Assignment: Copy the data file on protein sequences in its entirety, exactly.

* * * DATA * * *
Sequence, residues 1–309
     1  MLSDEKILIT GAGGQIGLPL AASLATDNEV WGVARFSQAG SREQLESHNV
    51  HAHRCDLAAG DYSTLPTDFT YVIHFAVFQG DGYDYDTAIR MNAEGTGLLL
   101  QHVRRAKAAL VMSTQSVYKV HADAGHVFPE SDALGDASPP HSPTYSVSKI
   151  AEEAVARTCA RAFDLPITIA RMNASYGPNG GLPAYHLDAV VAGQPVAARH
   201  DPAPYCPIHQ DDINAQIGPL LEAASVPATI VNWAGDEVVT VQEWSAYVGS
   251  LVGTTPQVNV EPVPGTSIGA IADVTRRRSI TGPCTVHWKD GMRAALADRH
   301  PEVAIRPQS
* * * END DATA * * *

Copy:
Sequence, residues 1–309
     1  MLSDEKILIT GAGGQIGLPL AASLATDNEV WGVARFSQAG SREQLESHNV
    51  HAHRCDLAAG DYSTLPTDFT YVIHFAVFQG DGYDYDTAIR MNAEGTGLLL
   101  QHVRRAKAAL VMSTQSVYKV HADAGHVFPE SDALGDASPP HSPTYSVSKI
   151  AEEAVARTCA RAFDLPITIA RMNASYGPNG GLPAYHLDAV VAGQPVAARH
   201  DPAPYCPIHQ DDINAQIGPL LEAASVPATI VNWAGDEVVT VQEWSAYVGS
   251  LVGTTPQVNV EPVPGTSIGA IADVTRRRSI TGPCTVHWKD GMRAALADRH
   301  PEVAIRPQS